Last edited by robsmale; 01-31-2011 at 01:42 AM. Reason: additional model info
robsmale is offline   Reply With Quote
Old 01-30-2011, 03:19 PM   #12
An old Tradesmen
 
Join Date: Oct 2008
Location: PA
Posts: 25,061
Rewards Points: 12
Default

Water in furnace duct. No identifiable source.


I would open up the cover you put on where the humidifier was, and check for moisture while the furnace runs. can't tell where it is coming from. But if the floor above is dry, could be that there is still moisture laying in the blower compartment being thrown up into the duct.

The heat exchanger is inside the furnace panels, lots to remove to see it.
beenthere is online now   Reply With Quote
Old 01-30-2011, 10:45 PM   #13
Newbie
 
Join Date: Jan 2011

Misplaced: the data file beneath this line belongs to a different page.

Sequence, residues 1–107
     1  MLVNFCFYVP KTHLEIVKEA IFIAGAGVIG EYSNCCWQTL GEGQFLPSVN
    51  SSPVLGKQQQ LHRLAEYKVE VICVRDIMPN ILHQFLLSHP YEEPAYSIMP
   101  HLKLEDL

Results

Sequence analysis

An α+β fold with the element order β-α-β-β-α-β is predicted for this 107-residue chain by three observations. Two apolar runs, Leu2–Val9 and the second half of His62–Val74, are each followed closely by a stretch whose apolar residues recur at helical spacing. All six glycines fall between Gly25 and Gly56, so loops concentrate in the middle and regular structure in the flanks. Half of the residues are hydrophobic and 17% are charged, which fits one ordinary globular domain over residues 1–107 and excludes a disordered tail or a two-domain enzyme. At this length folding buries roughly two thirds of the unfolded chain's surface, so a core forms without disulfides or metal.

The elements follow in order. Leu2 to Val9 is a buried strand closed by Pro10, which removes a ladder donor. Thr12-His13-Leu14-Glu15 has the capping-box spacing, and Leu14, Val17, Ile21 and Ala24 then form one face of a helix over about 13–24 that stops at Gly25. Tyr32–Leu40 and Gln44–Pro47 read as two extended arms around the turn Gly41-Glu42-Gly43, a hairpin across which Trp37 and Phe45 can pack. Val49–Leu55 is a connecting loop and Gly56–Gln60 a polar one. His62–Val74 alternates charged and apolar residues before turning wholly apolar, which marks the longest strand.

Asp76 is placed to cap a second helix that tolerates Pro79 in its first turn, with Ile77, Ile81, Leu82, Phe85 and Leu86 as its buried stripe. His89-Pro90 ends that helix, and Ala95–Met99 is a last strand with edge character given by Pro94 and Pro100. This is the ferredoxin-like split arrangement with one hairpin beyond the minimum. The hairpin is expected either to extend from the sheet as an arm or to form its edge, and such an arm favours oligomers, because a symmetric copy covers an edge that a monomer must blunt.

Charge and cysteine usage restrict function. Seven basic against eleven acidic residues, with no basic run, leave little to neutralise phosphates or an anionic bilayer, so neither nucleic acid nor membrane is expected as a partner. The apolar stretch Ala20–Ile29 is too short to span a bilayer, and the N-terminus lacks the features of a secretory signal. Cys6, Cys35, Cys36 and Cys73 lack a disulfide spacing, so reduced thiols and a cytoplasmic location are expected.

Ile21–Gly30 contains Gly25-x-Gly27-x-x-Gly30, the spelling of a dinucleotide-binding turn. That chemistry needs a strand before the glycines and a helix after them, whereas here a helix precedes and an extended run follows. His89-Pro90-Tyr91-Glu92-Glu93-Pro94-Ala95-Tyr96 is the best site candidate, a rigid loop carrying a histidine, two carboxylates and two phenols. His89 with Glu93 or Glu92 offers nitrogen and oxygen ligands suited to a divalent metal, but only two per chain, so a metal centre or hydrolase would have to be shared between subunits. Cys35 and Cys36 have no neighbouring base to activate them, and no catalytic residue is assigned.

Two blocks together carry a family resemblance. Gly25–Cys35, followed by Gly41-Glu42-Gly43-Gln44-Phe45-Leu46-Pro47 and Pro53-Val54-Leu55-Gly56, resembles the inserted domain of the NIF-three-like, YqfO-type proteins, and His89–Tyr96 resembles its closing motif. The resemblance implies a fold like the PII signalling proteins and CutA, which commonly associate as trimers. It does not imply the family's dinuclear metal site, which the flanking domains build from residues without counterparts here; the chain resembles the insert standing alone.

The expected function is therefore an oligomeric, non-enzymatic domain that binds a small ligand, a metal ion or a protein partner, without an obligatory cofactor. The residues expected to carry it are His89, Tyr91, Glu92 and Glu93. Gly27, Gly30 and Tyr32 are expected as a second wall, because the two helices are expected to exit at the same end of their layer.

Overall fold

Location: northern va dc area
Posts: 9
Rewards Points: 0
Default

Water in furnace duct. No identifiable source.


Quote:
Originally Posted by robsmale View Post
Amazing how much worse a situation reveals itself to be once worklights and camera flashes are on the scene instead of just a flashlight. Carrier Weathermaker SX, circa 1982. I guess I need to replace this stuff, but I don't have the $ right now for a new system. If I can just verify that the heat exchanger isn't corroded or cracked (where is it?) and address some of the water, I will have to live with it. Good thing I have a quality CO2 detector in the furnace room!
great visual input ty and well done ,when a heat exchanger is cracked or leaking ,it will be identified by this,while the burners are lighting,and while they are warming up,you might hear cracking and popping,secondly you might see burner flames being blown around ,which you should not see....thirdly......nice pics ty
DELTA.T4935 is offline   Reply With Quote
Old 01-30-2011, 11:27 PM   #14
AKA HVACTECHFW